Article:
With access to a vast and varied supply of domestic lumber, American woodworkers have it made. But despite our country's arboreous assets, furniture makers and buyers alike remain drawn to exotic woods. Much of this foreign lumber hails from Africa, a continent home to stunning woods like wenge and bubinga.
As is typical with exotic lumber, African woods are sold by specialty dealers, both online and off. I've found Woodfinder and eBay to be handy resources in tracking down sellers. Natural edge slabs (those with the bark still attached) and planed boards are usually obtainable, albeit far costlier than domestic hardwoods. For most woodworkers, solid exotic woods are a luxury item — and being a frugal breed, they instead opt to use exotic veneers. When applied to MDF or plywood, these thin strips provide all the appearance of solid wood at a fraction of the weight and a sliver of the cost. (For an introduction to veneering, see my earlier post "Wood Veneer Demystified".)
While veneering is also an efficient use of lumber, deforestation remains a grave concern for the sub-Sahara. The illegal logging of old-growth forests not only threatens indigenous wildlife and our environment at large — it also stokes political conflict in a region in desperate need of stability and reconciliation. When next shopping for cabinets, hardwood flooring or even a guitar, check out the Rainforest Action Network's list of endangered tree species or the Friends of the Earth's useful guide to determine which types to avoid. Check out some of my favorite African woods below...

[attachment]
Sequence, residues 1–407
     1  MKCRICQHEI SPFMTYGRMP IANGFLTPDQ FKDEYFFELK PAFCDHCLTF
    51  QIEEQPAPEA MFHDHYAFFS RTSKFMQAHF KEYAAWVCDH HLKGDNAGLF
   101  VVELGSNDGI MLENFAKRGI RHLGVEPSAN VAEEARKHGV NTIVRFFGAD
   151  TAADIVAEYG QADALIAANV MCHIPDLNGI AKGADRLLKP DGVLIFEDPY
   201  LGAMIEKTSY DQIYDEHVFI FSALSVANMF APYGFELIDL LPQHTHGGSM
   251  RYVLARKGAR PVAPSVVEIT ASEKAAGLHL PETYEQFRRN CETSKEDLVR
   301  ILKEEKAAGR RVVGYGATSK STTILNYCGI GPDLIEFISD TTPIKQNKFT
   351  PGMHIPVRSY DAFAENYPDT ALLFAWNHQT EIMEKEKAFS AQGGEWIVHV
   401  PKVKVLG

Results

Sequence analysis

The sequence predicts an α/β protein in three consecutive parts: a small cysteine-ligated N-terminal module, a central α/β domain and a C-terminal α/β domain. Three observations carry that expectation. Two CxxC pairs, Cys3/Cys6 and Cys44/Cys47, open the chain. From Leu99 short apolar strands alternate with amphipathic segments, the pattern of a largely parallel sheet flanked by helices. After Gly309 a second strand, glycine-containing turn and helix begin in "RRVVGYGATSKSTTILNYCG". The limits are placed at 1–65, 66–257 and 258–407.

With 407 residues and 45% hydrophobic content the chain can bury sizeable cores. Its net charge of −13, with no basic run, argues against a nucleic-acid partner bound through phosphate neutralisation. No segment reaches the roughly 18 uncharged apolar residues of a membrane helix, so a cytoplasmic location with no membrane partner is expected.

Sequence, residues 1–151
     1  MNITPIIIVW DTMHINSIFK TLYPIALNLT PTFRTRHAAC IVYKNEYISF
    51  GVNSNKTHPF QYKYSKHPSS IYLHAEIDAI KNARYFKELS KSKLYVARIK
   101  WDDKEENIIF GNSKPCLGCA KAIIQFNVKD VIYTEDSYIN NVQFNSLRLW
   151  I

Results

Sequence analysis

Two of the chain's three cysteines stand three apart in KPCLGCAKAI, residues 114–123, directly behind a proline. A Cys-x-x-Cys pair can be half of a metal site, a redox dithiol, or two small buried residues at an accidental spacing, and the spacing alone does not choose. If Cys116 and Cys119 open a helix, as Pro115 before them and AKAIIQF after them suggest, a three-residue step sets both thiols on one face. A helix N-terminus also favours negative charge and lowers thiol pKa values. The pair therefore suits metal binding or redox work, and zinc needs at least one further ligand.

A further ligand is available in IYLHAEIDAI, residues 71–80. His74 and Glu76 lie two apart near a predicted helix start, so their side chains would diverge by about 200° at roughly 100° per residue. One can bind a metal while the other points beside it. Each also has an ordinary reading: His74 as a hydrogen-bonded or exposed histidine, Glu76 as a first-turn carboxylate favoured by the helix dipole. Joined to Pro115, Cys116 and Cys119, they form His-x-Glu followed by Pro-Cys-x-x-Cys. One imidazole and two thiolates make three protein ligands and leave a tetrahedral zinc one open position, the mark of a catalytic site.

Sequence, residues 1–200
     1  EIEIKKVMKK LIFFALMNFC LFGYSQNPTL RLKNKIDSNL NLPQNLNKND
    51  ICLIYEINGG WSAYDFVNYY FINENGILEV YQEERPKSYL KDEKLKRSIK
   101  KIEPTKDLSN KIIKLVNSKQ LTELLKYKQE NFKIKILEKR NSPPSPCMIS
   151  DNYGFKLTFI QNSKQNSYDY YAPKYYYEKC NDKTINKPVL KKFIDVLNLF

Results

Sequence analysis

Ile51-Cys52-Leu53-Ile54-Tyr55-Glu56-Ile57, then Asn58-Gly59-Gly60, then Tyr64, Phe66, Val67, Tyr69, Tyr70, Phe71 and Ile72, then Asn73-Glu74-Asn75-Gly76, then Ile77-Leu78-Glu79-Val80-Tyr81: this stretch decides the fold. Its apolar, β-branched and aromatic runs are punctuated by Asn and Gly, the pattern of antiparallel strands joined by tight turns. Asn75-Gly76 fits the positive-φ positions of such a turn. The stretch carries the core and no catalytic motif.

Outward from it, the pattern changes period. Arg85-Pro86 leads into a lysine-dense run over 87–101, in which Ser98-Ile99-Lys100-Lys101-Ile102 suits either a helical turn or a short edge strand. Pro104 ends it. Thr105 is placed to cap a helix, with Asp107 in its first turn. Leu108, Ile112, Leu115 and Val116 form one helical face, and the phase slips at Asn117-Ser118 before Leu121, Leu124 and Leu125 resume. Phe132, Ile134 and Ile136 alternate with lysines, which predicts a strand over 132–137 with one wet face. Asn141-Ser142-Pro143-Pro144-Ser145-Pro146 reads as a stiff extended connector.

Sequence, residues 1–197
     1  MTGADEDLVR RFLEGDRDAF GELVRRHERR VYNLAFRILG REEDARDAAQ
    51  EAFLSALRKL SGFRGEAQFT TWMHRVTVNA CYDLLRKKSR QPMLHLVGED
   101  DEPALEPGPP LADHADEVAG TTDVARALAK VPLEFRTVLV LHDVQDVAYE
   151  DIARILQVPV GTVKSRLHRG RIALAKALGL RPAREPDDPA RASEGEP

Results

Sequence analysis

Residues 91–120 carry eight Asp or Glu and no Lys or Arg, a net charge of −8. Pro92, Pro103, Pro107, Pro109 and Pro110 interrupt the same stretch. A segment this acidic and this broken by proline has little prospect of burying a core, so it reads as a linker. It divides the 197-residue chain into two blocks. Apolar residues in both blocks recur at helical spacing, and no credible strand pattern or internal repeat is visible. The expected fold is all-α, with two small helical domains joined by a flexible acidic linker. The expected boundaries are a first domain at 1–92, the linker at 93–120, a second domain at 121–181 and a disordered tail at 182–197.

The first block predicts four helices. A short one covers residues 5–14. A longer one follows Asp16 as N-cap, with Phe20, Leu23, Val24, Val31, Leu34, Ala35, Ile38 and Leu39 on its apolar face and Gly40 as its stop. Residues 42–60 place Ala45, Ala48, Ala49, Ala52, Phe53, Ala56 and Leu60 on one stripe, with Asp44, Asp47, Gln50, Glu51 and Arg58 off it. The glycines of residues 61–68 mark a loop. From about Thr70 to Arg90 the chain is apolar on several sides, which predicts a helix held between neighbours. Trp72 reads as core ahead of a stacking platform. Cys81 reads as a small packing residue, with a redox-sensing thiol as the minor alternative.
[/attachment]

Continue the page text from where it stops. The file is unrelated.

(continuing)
Bubinga – Bubinga is a true luxury lumber. Known also as African rosewood, it's used to make musical instruments, fine furniture and other high-end products. In fact, Japanese automaker Lexus offers the West African wood as an interior trim in its newer models. Prized for its remarkable figuring (see above), curly or "waterfall" bubinga is wildly expensive.
Padauk – Padauk is a blood-orange colored wood native to Central and West Africa. It is treasured by turners for use in bowl and handle making. Padauk's heft also appeals to luthiers, particularly in the making of electric guitar bodies. It yields a gorgeous natural finish, gradually darkening to a rich reddish brown.
Sapele – Also found in Central and West Africa, sapele is most commonly used in hardwood flooring and cabinetry. Furniture and guitar makers also love the lumber for its striking figure. Cadillac too has caught on, selling the new CTS with optional sapele trim. But buyer beware, the Rainforest Action Network states this wood is "heavily exploited" though "some populations [are] protected".
Wenge – Contemporary furniture makers love wenge for its sleek, straight-grain figuring and coffee colored tone. But many woodworkers avoid it at all costs—dust and minuscule splinters irritate the eyes and skin. If you do use wenge, be sure to wear gloves and respiratory protection.
(Images: 1 Afroxyl , 2 Tropical Exotic Hardwoods , 3 Green Sahara Furniture, 4 Official Zootman, 5 Corporate Interiors)
Johnny is currently blogging his experience as a student and amateur woodworker. You can keep track of his projects on his blog, Woodlearner.